September 24, 2016

Joseph Stiglitz

Joseph Stiglitz

Source: Wikimedia Commona

I was reminded by this interview of the one I had with Joe Slovo in South Africa. It was just after the African National Congress had been unbanned. Mr. Slovo, who was affable personally, was an unreconstructed communist who still thought that the Soviet Union had been the hope of the world (as a Brooklyn communist once put it to me as we stood in the long line to see Lenin’s mummy). Mr. Slovo must have been aware, since I wrote for The Spectator, that I would be hostile to his communism, and so it was game of him to agree to an interview with me. But I was astonished by how ill-prepared he was to answer the most obvious questions. After all, he had been a politician for years, all his life indeed, whereas I was only a journalist in my spare time.

He was still a believer in the full panoply of bad Leninist ideas; he dreamed of a fully socialist South Africa. He had visited the Soviet Union so many times that it was almost a second home to him. “€œDidn”€™t you notice anything about it?”€ I asked him. What I meant was the grayness, the lack of freedom, the shortage of ordinary consumer goods such as fruit and vegetables. To do him justice, he knew what I meant, but his answer astonished me.

What I had to remember, he said, was that he had been an honored guest of the Central Committee of the Communist Party of the Soviet Union. He had therefore not personally seen much of the everyday reality of the Soviet Union. In essence, he was like George Bernard Shaw, who, during a visit to the Soviet Union at a time of famine, denied that there was famine because he had been amply fed, even feasted. Perhaps it was the very grayness, the lack of freedom, and the shortage of consumer goods (at least, for those not in the Central Committee) that attracted Mr. Slovo to the Soviet Union in the first place. After all, there is nothing more delicious than abundance enjoyed at a time of general shortage.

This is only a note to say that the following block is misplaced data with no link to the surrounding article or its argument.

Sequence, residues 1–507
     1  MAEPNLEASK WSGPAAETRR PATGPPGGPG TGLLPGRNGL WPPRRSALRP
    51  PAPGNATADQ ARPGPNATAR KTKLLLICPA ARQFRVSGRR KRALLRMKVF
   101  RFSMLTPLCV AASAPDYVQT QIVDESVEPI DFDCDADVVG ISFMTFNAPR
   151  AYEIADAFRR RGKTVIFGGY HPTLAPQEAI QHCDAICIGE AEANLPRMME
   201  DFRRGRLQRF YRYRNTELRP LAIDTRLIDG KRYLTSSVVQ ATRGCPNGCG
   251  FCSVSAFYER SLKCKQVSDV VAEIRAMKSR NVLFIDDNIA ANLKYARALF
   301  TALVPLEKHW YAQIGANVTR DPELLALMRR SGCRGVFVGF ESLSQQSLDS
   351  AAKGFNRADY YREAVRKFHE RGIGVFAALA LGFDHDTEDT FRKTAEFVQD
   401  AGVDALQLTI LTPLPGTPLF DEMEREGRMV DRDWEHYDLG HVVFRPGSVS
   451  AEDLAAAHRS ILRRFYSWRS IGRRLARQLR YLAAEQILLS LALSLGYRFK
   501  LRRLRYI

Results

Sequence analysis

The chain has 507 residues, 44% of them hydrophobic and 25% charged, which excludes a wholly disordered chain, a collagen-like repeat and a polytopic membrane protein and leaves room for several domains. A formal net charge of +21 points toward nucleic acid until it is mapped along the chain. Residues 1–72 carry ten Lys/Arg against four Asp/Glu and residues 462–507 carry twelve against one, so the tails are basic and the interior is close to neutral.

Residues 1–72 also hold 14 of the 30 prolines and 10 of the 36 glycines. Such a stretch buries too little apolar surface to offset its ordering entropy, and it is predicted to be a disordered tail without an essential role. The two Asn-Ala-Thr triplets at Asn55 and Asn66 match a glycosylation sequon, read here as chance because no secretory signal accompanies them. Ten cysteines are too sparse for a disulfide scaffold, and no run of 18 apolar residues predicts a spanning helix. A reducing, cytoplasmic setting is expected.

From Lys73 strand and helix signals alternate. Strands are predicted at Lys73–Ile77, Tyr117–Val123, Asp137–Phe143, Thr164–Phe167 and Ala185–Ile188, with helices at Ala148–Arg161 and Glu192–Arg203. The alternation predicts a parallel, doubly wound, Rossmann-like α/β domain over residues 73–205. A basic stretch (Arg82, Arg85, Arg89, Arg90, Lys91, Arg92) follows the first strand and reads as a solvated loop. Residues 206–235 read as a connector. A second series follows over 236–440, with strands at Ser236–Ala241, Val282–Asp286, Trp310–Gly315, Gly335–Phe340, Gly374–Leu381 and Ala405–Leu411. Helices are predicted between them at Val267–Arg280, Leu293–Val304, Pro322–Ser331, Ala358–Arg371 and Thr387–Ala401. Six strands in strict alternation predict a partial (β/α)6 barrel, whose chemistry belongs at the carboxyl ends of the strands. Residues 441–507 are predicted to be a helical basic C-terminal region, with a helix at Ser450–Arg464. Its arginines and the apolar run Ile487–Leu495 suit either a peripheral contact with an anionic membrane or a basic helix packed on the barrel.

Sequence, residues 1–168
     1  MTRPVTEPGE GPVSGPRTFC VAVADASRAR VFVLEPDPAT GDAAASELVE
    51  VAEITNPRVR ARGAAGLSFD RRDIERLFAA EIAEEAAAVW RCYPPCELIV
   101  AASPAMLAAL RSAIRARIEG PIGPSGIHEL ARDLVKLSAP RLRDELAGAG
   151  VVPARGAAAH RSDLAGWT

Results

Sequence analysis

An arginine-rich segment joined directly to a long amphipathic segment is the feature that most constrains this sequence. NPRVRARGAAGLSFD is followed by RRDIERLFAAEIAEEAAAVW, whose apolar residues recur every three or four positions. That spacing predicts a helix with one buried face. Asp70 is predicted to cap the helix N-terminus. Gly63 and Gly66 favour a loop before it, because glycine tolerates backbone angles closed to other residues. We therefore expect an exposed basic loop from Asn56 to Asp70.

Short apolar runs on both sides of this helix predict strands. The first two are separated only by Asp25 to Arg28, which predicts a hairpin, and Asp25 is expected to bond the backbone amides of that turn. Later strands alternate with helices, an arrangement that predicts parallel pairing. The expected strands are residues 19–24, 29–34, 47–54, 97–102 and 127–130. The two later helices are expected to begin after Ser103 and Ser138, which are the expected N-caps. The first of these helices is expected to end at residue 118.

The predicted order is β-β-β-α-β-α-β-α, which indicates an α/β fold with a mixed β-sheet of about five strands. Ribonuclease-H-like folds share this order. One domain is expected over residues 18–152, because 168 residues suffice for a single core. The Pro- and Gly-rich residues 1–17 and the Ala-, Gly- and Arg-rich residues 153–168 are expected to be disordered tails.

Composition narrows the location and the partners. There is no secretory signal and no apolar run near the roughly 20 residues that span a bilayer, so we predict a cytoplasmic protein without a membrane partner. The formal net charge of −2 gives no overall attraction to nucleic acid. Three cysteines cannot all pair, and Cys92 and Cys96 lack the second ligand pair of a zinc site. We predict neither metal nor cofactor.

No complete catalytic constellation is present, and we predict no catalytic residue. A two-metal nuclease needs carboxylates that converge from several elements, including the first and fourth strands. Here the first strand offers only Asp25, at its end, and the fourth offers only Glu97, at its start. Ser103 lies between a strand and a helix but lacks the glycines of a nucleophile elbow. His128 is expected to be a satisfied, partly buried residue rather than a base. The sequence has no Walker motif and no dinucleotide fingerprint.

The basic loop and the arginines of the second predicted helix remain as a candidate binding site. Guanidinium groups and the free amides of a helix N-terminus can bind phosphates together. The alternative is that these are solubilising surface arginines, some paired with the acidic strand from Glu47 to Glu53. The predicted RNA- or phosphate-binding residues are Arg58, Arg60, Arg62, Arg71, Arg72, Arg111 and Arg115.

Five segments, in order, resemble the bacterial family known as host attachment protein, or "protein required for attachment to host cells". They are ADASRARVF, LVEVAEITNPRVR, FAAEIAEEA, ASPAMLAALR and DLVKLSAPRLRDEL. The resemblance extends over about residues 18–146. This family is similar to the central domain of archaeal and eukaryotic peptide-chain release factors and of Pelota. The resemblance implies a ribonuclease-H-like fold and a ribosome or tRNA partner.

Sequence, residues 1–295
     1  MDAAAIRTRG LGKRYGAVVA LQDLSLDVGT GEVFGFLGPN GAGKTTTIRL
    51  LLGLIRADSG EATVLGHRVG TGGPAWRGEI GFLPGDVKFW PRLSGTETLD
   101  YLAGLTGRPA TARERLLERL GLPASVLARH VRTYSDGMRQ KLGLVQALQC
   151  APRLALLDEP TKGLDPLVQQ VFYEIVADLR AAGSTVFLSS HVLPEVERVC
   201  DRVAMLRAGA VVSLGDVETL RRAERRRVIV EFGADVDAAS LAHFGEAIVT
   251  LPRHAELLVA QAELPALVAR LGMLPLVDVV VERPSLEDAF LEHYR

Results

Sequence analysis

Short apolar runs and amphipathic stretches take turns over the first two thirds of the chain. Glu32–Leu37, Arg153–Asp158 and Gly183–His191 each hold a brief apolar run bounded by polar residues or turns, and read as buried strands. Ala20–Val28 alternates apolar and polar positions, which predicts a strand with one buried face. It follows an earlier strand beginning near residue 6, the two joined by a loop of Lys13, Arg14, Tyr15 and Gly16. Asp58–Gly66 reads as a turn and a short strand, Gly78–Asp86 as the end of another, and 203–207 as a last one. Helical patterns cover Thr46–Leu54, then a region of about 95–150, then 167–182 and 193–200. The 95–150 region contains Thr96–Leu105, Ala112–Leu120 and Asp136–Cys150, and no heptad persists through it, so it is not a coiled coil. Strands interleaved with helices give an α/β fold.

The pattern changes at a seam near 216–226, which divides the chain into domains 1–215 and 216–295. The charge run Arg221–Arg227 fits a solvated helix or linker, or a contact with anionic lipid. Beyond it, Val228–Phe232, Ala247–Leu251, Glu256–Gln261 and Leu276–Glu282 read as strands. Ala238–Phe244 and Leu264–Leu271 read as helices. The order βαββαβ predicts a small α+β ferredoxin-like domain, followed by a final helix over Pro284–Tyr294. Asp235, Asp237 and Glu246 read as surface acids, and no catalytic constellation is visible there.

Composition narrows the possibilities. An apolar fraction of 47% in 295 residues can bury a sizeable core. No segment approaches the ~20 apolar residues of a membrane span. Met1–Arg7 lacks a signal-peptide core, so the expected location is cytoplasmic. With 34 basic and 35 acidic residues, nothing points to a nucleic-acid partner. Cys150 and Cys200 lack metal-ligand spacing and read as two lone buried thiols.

I was amazed at his reply: I had expected him to be able to fend off my question with ease by means of some sophisticated rationalization, the exposure of whose untruth and bad faith would have taken more time than I had at my disposal. But no, he was just not very clever.

I have retained a certain naïveté. I still expect the great ones of the earth”€”Nobel Prize winners and others”€”to exhibit an extraordinary capacity, completely out of the orbit of us mediocrities.


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